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Hive from British Gas vs Nest from Google: Smart Heating Control

With energy bills a political hot potato right now, it’s surprising to find out that 40 per cent of British homes don’t even use a thermostat to control their central heating. 

Apparently, we like to just turn the heating on or off, open a window, or put on a jumper to find our happy heat zone, which is not the most efficient way to make use of your energy. 

Smart heating control went from hobby tech to high street tech when British Gas began advertising its Hive system around Christmas 2013, although it turned out that staying dry was a bigger problem than keeping warm for many Brits this winter. 

Hive from British Gas vs Nest from Google: Smart Heating Control
Hive’s thermostat (left) is a lot less sexy than the Nest Link (right)

Now Google has weighed in with the arrival of Nest, a heating control system that claims to learn your habits so you don’t need to programme it. In the next few weeks, energy provider Npower will launch a Nest offer for its customers, although right now its just a retail product.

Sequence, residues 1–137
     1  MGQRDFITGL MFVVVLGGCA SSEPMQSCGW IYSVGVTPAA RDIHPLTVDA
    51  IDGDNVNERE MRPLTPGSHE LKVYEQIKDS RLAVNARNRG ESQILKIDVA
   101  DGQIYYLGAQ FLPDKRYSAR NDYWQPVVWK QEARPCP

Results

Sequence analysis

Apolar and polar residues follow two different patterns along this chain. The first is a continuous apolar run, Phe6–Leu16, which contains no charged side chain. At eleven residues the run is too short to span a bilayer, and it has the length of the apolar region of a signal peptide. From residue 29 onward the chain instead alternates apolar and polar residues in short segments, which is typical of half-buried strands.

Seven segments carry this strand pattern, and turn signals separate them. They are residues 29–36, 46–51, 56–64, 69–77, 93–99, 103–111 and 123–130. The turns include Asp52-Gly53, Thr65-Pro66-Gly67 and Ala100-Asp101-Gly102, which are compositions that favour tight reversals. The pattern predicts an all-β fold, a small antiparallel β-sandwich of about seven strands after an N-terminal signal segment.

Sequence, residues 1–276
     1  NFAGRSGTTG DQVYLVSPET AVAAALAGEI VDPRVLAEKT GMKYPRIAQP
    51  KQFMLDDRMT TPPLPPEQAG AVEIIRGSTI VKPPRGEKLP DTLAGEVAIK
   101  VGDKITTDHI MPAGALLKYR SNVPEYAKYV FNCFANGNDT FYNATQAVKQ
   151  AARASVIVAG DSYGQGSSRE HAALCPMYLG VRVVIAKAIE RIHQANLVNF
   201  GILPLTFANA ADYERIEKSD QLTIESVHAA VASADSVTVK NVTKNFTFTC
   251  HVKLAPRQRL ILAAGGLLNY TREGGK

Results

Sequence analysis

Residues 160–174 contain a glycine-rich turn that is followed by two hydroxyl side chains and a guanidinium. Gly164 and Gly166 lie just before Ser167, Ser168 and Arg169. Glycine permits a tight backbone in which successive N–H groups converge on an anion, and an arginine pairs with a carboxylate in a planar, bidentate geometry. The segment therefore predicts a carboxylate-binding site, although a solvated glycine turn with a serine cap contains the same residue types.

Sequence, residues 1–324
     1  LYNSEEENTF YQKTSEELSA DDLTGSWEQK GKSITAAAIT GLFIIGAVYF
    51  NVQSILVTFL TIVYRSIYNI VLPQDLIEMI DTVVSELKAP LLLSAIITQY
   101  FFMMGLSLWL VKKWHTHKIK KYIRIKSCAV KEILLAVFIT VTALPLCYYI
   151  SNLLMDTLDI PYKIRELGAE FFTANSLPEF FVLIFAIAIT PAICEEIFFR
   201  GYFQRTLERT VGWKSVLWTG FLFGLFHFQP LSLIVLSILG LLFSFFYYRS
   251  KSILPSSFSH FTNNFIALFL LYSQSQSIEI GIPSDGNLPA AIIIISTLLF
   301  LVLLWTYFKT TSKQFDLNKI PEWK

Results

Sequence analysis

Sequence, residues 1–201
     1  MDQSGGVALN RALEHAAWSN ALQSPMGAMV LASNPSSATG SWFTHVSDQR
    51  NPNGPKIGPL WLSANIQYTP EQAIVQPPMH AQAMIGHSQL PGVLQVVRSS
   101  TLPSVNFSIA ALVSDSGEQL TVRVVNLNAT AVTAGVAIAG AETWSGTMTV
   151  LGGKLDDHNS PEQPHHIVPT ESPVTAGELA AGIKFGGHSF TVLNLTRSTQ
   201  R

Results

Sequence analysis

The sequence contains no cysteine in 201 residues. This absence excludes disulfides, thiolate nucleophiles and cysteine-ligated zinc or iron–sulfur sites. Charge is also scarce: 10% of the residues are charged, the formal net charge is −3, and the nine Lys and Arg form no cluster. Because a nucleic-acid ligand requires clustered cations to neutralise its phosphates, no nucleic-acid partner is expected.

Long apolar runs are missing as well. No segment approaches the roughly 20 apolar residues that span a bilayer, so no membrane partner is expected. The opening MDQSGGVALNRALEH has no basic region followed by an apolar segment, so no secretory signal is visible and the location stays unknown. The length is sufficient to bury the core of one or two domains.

Both claim to help you save on your bills as well as making you more comfortable, but which is the hottest heating controller? 

Hive from British Gas

  • Cost: £199 with installation, £149 without
  • OS support: iOS, Android, browser
  • Multizone: no
  • Heat settings: 4/day
  • Hot water control: yes
  • Weather response: no
  • Humidity sensor: no
  • Activity sensor: no
Hive from British Gas vs Nest from Google: Smart Heating Control
The Hive app is simple and easy to use

If you haven’t seen British Gas’s ads for Hive this winter, you can’t have watched much TV. It’s the first smart heating control system to go beyond the UK’s self-install market, costing £199 with installation.

This gets you the Hive hub, a wireless thermostat, and a boiler control unit, with two types of Hive: one for heating alone and another for heating and hot water.